• Exemption 7(E):  The court relates that “CBP invoked Exemption 7(E) to protect ‘four categories of information:  (1) information that would reveal the subjects of specific law enforcement interest; (2) information regarding specific law enforcement techniques and operational vulnerabilities; (3) information that, in the aggregate, reveals trends and/or specific law enforcement capabilities and techniques employed in particular operational locations, which can reveal the likelihood of CBP utilizing certain inspection techniques in specific operational locations; and (4) computer codes and other information that can expose CBP computer systems to a risk of unauthorized access or navigation.’”  “[Defendant] states that these records, if disclosed, ‘could reasonably be expected to risk circumvention of the law’ because, among numerous other reasons he describes, the information within them would ‘educat[e] [members of the public] as to the investigative techniques used and thereby assist[ ] them to devise methods to evade detection and apprehension’; ‘create[ ] a basis for comparison of the handling of different inspections,’ which ‘can be used to clarify or predict a CBP officer’s behavior in specific circumstances’; and ‘enable individuals to thwart efforts to secure the border and enforce immigration and customs laws.’”  “The Court finds that [defendant’s] statements logically explain how this information could help others circumvent the law, which suffices to justify invocation of Exemption 7(E).”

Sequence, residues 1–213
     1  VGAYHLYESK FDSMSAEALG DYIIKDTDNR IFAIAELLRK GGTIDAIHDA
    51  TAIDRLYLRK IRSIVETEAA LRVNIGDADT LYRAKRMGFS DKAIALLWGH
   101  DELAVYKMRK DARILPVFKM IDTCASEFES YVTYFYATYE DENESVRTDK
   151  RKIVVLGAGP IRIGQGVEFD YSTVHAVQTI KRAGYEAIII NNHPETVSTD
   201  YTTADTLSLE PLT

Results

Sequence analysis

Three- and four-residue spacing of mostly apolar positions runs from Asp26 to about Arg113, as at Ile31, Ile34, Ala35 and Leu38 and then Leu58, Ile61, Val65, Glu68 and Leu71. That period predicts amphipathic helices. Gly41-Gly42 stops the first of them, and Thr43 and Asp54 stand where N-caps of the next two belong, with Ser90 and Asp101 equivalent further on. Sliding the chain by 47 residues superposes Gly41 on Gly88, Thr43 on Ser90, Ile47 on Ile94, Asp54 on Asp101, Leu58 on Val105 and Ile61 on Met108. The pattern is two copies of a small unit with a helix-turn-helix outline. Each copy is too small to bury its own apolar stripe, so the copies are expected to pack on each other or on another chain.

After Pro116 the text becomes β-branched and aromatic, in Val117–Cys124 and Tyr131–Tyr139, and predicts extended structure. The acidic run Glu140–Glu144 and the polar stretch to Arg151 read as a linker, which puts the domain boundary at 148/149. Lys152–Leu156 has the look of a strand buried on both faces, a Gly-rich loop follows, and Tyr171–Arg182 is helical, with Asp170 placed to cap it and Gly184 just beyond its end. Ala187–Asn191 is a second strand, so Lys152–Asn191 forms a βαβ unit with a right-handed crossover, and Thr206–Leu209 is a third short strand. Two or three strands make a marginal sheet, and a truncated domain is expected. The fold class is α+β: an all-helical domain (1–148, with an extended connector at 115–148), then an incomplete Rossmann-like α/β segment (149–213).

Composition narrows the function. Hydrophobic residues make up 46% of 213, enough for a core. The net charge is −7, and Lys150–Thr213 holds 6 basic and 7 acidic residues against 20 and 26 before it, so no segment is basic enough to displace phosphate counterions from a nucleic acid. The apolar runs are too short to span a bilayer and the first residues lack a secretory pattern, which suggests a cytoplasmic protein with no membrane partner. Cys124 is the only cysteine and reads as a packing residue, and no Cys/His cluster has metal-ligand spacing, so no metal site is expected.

• Exemption 7(F):  The court finds that, “[h]ere, CBP withheld ‘information relating to claims of asylum’ under Exemption 7(F) after concluding that ‘[r]eleasing information about an asylum claim or asylum seeker . . . would put that individual . . . at risk.’”  “‘Because asylum seekers are, by definition, fleeing persecution, release of information relating to an asylum claim can be reasonably expected to endanger the life or physical safety of the individual making the asylum claim and others who may be impacted by the release of information related to the claim, including the fact that such a claim was made.’”  “The Court finds that CBP has sufficiently demonstrated that the information withheld could be reasonably expected to endanger the life or physical safety of specific asylum seekers, or others impacted by the release of such information, and therefore, CBP properly redacted information under FOIA Exemption 7(F).”
Court Decision Topic(s)
District Court opinions
Exemption 5
Exemption 5, Attorney Work-Product Privilege
Exemption 6
Exemption 7
Exemption 7(C)
Exemption 7(E)
Exemption 7(F)
Exemption 7, Threshold
Litigation Considerations, Adequacy of Search
Updated February 22, 2023